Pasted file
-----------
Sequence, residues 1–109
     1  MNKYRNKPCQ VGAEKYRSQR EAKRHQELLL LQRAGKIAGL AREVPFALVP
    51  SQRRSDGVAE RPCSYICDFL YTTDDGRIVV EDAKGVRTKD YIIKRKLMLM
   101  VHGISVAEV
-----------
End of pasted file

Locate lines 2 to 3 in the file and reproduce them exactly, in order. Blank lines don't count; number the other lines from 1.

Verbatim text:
     1  MNKYRNKPCQ VGAEKYRSQR EAKRHQELLL LQRAGKIAGL AREVPFALVP
    51  SQRRSDGVAE RPCSYICDFL YTTDDGRIVV EDAKGVRTKD YIIKRKLMLM